The “Total Child” Philosophy – Interview with Gary Stern at Laurence School

  • December 3, 2013

The “Total Child” Philosophy – Interview with Gary Stern at Laurence School

The “Total Child” philosophy at Laurence School in Valley Glen, CA sees children as individuals who benefit from a challenging curriculum, a character-based education, and an embrace of global citizenship. We wanted to hear from Gary Stern, Associate Head of School/Principal at Laurence about his take on student performance in the classroom in correlation with performance on standardized tests, and the impact of “teaching for the test” vs teaching for lifelong learning.

Is there a correlation between classwork and performance on standardized test scores?

Standardized tests only focus on two out of the eight or nine different intelligences we have as learners. There is no clear correlation in how well children do in art, music, drama, or character building and standardized tests, because – simply stated – standardized tests don’t measure those intelligences. Instead, they are only designed to focus on language development and Math. Therefore, in a sense, standardized tests do not really capture the whole child, but rather, a very narrow area of the child.

A lot of kids get anxious about test taking, and often get distracted throughout the process. For them, standardized tests are not really commensurate with how they perform in the classroom on a daily basis. If you have students who do not tend to experience test anxiety and have the ability to focus long-term on tasks consistently, then the correlation between their performance in the classroom and their performance on a standardized test is stronger. However, that’s not the case for all students, or even a high majority of students in the United States.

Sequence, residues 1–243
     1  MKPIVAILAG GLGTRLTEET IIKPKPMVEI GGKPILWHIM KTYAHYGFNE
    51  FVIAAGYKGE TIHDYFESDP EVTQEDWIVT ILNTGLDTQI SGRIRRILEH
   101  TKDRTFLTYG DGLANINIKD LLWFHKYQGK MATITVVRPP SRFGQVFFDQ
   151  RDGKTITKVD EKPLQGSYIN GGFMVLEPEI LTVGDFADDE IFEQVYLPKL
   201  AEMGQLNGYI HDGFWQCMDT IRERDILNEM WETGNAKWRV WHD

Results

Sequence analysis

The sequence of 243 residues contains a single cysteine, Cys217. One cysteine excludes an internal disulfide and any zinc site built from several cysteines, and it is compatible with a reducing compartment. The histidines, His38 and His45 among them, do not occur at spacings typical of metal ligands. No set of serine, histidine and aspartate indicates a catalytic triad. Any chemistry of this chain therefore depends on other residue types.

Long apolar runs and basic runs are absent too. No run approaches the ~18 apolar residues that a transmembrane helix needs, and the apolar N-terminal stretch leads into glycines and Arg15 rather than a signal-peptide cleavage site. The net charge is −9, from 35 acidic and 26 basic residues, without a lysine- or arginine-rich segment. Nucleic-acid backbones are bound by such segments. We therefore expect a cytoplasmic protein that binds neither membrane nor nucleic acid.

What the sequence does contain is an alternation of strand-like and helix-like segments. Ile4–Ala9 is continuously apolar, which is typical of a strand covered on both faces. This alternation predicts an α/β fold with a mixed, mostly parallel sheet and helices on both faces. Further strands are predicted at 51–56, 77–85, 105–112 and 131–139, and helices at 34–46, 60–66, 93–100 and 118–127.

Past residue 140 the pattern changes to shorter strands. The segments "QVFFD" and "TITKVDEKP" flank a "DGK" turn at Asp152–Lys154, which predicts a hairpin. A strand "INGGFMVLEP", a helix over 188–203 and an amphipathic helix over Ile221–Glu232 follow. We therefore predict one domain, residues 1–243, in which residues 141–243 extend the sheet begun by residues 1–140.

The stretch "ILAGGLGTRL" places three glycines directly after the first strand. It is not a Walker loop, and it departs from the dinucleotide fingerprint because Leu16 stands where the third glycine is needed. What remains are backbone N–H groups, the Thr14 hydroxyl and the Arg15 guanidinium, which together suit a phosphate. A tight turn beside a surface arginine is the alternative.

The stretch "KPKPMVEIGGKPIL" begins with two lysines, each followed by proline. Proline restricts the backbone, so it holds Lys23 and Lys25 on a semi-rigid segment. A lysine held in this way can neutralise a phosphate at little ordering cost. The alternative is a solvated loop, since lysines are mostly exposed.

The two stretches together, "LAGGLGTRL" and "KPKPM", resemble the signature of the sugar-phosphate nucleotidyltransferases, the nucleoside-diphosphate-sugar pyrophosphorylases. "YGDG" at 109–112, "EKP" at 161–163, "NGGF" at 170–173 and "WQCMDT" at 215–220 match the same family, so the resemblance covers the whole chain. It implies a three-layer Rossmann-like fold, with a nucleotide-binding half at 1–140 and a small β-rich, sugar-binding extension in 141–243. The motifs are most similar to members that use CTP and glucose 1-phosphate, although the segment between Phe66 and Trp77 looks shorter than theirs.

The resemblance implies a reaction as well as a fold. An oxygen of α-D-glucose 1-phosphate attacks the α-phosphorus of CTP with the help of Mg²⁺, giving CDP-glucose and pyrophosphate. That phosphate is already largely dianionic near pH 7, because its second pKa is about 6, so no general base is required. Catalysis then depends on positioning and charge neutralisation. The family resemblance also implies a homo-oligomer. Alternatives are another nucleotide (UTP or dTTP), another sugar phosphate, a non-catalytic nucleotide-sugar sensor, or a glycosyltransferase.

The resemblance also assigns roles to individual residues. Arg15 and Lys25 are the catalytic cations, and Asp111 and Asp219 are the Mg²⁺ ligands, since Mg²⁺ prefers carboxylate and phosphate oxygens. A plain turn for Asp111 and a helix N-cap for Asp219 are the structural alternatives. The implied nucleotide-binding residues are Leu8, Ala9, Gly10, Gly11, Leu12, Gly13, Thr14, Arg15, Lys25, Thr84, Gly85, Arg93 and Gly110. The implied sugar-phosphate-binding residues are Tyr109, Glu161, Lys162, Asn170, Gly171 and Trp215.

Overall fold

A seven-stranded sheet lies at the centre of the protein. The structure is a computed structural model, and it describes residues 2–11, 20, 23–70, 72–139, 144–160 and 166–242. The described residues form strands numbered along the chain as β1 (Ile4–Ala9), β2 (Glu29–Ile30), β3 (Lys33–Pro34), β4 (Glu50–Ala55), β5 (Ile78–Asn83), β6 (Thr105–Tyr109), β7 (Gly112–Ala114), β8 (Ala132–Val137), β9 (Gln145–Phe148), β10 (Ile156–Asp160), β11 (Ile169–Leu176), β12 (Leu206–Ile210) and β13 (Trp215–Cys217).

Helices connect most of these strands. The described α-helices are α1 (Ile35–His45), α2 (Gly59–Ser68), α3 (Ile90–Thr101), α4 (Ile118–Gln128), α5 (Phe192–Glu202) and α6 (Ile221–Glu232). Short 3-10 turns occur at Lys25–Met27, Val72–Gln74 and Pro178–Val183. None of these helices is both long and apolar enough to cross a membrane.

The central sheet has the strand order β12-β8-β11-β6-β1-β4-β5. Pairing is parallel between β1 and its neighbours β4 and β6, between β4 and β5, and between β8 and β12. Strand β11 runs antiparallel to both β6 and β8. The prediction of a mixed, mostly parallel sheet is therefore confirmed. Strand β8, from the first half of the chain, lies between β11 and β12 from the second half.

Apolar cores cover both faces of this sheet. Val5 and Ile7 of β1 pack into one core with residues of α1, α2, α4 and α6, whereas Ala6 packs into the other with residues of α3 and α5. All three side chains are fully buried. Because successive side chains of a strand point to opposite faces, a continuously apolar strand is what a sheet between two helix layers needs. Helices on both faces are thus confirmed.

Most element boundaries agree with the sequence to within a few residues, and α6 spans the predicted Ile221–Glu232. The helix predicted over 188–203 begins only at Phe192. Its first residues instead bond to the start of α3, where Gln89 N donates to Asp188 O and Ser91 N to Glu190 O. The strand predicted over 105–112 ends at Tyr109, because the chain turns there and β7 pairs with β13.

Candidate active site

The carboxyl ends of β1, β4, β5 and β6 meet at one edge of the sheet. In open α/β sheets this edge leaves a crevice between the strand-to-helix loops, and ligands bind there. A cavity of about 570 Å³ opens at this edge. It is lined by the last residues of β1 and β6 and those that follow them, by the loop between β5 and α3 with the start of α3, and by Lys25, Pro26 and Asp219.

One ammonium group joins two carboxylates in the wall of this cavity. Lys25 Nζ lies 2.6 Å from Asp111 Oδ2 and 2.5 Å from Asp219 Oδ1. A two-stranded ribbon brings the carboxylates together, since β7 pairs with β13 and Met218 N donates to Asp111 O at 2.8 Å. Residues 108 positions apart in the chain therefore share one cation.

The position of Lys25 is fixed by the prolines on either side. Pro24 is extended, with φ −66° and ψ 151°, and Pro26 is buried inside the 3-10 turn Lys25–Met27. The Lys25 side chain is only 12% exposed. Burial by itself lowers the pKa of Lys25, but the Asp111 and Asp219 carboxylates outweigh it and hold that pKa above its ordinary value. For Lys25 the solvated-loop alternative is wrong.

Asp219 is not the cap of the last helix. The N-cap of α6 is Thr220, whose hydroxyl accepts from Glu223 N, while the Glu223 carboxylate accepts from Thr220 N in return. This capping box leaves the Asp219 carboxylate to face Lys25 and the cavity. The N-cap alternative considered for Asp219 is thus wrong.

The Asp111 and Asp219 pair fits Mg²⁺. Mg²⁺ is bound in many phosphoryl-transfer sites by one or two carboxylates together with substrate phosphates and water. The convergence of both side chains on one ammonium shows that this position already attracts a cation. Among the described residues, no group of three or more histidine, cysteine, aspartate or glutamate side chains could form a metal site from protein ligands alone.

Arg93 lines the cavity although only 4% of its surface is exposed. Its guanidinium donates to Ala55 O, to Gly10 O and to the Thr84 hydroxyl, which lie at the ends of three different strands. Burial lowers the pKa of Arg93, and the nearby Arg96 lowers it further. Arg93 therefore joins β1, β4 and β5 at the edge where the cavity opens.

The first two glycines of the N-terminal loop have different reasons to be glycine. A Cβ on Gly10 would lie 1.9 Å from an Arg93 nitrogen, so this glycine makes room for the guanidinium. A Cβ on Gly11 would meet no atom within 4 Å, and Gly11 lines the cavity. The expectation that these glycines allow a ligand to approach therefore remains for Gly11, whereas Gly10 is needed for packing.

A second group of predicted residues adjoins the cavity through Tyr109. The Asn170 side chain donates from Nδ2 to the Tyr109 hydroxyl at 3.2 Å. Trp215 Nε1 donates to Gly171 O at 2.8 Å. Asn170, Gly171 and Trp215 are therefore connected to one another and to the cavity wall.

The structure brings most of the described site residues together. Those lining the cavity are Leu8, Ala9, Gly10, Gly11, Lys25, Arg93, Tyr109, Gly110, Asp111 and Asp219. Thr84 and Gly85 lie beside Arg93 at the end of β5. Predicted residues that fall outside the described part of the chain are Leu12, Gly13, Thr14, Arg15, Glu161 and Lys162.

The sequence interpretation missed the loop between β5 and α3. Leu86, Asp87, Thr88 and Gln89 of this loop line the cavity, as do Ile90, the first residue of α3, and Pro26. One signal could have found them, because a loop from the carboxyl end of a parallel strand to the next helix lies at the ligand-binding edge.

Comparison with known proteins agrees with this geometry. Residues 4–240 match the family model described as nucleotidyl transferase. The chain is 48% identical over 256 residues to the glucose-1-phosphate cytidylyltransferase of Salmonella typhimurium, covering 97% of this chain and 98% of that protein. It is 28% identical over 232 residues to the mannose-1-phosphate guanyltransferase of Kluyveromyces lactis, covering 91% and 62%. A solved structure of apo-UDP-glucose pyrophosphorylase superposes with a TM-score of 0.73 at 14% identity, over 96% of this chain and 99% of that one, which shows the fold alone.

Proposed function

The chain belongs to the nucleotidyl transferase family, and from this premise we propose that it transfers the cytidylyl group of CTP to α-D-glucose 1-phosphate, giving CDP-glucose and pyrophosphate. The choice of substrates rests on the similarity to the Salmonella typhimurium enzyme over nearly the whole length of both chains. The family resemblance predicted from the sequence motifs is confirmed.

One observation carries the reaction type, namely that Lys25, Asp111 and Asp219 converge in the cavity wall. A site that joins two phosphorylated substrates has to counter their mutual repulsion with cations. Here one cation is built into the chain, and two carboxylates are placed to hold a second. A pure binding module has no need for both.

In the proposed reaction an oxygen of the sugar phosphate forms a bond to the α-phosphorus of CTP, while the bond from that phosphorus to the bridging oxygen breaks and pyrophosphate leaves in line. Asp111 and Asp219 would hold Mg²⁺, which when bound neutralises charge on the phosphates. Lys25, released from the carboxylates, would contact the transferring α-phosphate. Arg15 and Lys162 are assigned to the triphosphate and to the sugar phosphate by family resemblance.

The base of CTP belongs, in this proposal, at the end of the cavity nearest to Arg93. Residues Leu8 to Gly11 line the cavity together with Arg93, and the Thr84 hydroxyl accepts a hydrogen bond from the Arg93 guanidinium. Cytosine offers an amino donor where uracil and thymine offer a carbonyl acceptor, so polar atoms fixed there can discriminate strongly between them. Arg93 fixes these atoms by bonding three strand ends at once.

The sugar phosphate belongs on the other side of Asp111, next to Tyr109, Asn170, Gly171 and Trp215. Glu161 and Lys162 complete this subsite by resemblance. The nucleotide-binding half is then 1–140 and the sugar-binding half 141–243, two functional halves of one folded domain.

There are certain children who do better on open-ended responses. There are also children whose writing skills are not quite there creatively and organizationally, but they can do better on a multiple-choice standardized test because narrowing down the choices makes it easier for them. So we also have to keep in mind the kinds of standardized tests we are implementing in schools.

How does that branch out into the lifelong learner mindset?

Although they are a big part of the education system today, standardized tests are a very unfair measure of student performance, since they don’t test student resilience. They only reward certain qualities: kids who are highly analytical and have good verbal reasoning and mathematical skills (in the event that they are also not highly anxious about taking the test, and in the event that they are able to focus for a long period of time and able to transition from one section to another). There are a lot of variables that come into play.

The role of schools in general should be to prepare students to be successful lifelong learners in the world in which they are being raised. There are certain characteristics that individuals need in order to be successful in the 21st century, and these characteristics need to be incorporated into the curriculum. That means more project-based, collaborative, innovating information and assignments. We don’t know what jobs we are preparing kids for. The jobs that will be in high demand ten years from now may not have even been created yet, so there’s more to education than preparing kids for a test.

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